2:12, sex set 21

Autores: A partir do fascículo 39/9 a revista Química Nova adotou a licença CC-BY. Mais informações a respeito dessa licença podem ser obtidas aqui.


Optimization of solvent-free geranyl butanoate production using novozyme 435 and homemade polyurethane immobilized novozyme NZL-102-LYO-HQ as catalysts

Carla R. SbardelottoI; Suelen P. PiazzaI; Nadia L. D. NyariI; Rogério M. DallagoI; Débora de OliveiraII; Vladimir de OliveiraII; Jamile ZeniI; Rogério L. CansianI,*; Natalia ParoulI

I. Departamento de Engenharia de Alimentos, Universidade Regional Integrada do Alto Uruguai e das Missões, 99700-000 Erechim - RS, Brasil
II. Departamento de Química e Engenharia de Alimentos, Universidade Federal de Santa Catarina, 88040-900, Florianópolis - SC, Brasil

Recebido em: 04/06/2018
Aceito em: 20/06/2018
Publicado em: 19/07/2018

Endereço para correspondência

*e-mail: cansian@uricer.edu.br


This study reports the optimization of geranyl butanoate production by esterification of geraniol and butanoic acid in a solvent-free system using two immobilized lipases as catalyst. The operating conditions that optimized geranyl butanoate production were determined to be 40 °C, a geraniol to butanoic acid molar ratio of 3:1, 150 rpm, 5 wt% of enzyme, and 1 h of reaction, which resulted in a reaction conversion of about 97% for Novozyme 435. When homemade Novozyme NZL-102-LYO-HQ (Cal-B) immobilized in polyurethane foam was used as catalyst, the experimental conditions of an alcohol to acid molar ratio of 5:1, 70 °C, 150 rpm, 5 wt% of enzyme, and 1 h of reaction gave a conversion of 95%. New experimental data on enzymatic esterification of geraniol and butanoic acid for geranyl butanoate production are reported in this work, showing that the technique is promising for overcoming the well-known drawbacks of the chemical-catalyzed route.

Palavras-chave: esterification; geranyl butanoate; Novozyme 435; Novozyme NZL-102-LYO-HQ.


The flavor and fragrance industry is a world market worth billions of dollars and growing annually; it was valued at approximately US $26.0 billion in 2015 and is expected to exceed $37.0 billion in 2021, with an annual compound growth rate of 6.4% and predicted growth to $33.5 billion by 2019.1 This sector is not only a multi-billion dollar global market but also a source of scientific development and constant innovation.

Esters of aroma are currently obtained by two major processes: chemical synthesis or extraction from natural sources. The classic process for producing esters is by acid catalysis, in which a Brønsted acid is typically used as a catalyst. The fatty acid residues and catalyst can be removed by an alkaline treatment which further increases the environmental impact by generating a certain load of non-biodegradable waste besides having a high energy production cost.2

Industrial interest in clean technologies is increasing, especially in engineering of proteins and enzymology. The use of lipases in industry allows for the development of technological processes that are very close to the efficient processes executed in nature due to the versatility of applications and ease of large-scale production. Energy savings and minimization of thermal degradation are probably the greatest advantages of replacing current chemical technologies by biological ones.3 An overview of the role of biocatalysts in the synthesis of various cosmetic esters and a discussion of the limitations of conventional biocatalytic synthesis of cosmetic esters are presented by Khan and Rathod.4 Lipases play an important role in the production of aromatic esters, with several advantages over synthetic routes. Study of the process parameters and their interaction is very important to understand the optimization of the system and achieve the maximum reaction yield for scaling up.5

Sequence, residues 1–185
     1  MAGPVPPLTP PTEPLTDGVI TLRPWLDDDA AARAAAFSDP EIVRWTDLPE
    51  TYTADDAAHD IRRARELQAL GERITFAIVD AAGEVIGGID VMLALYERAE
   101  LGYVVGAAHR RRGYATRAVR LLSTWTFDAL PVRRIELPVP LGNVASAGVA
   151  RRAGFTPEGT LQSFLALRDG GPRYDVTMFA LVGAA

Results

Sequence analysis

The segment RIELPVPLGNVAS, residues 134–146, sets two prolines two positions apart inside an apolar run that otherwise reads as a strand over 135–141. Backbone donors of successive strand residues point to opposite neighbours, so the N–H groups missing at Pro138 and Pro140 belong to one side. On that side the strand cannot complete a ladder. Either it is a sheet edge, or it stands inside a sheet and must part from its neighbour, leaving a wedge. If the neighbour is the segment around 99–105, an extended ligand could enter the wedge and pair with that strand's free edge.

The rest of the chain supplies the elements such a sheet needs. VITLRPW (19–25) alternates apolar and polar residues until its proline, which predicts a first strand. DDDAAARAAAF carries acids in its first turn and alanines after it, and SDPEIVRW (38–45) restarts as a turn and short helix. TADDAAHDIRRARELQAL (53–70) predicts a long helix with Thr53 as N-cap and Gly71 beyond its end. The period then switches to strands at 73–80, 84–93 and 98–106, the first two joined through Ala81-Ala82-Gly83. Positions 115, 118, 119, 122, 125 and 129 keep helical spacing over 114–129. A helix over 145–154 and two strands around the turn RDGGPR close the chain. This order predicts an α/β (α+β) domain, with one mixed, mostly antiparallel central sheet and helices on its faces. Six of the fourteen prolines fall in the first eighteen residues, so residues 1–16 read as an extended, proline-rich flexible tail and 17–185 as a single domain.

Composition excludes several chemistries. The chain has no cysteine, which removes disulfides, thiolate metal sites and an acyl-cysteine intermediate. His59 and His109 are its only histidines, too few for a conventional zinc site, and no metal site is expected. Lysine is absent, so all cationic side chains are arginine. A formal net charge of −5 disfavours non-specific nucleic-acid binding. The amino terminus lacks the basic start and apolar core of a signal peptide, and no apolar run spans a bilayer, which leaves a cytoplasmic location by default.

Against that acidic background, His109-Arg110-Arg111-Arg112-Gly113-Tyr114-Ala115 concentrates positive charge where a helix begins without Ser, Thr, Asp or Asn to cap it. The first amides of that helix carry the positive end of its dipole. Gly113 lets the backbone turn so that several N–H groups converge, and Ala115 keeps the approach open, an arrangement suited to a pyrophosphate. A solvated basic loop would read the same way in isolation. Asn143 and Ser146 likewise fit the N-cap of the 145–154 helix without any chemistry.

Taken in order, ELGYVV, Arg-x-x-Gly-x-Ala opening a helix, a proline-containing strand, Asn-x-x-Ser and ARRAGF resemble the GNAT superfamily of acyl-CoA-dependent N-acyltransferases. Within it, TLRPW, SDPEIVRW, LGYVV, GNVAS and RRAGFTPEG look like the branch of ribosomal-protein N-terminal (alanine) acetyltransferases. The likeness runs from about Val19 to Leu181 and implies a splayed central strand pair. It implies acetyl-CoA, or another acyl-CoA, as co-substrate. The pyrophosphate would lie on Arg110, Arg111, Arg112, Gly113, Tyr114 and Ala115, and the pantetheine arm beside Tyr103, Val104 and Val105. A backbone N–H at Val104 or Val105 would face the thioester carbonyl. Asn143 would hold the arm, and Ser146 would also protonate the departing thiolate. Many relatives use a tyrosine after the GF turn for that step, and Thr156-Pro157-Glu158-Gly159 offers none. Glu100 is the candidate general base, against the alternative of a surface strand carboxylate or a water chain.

Although the industrial applications of lipases are currently concentrated in the detergent and food industries, mostly based on hydrolysis reactions, new applications resulting from the synthesis reactions and transesterification according to the features of enantiomers and regioselectivity of lipases come settling in various fields: pharmaceuticals, fine chemicals, cosmetics, oleochemical, leather, pulp and paper, and the treatment of industrial waste.6-8

The natural synthesis of esters in solvent-free systems can be defined as solvolysis, a reaction in which the reactant itself acts as a solvent. Various investigations are focused on the study of enzymatic esterification in systems free of organic solvents.9-14

Esters of fatty acids of low molar mass from acyclic terpene alcohols, such as geraniol, linalool, and citronellol, are important compounds for the fragrance and flavor industries. The acetate groups occur in large amounts in essential oils, but low quantities have been verified for formates, propionates, and butyrates.15

Geranyl butanoate (3,7-dimethylocta-2,6-dien-1-yl butanoate) is one of the most frequently used terpenoid fragrance materials and has a flowery rose-like composition that does not discolor soaps. This ester is frequently used in perfumes and cosmetics such as lipsticks with or without the conventional ones. In flavor (for rose, orange oil, and lemon type) compositions, geranyl butanoate is used in small quantities to accentuate citrus notes. The geraniol molecule possesses a double bond, and its esterification with a fatty acid in the presence of a strong catalyst such as a mineral acid requires protection and deprotection steps. Alternatively, the synthesis of geranyl butanoate from geraniol and butanoic acid can be achieved by an immobilized biocatalyst (lipase), which can be easily separated from the reaction mixture.16 Geranyl butanoate has been produced in yields between 85 and 99.9% using free or immobilized lipases;16-18 however, there is a gap in the literature on the use of homemade polyurethane immobilized enzymes for this synthesis.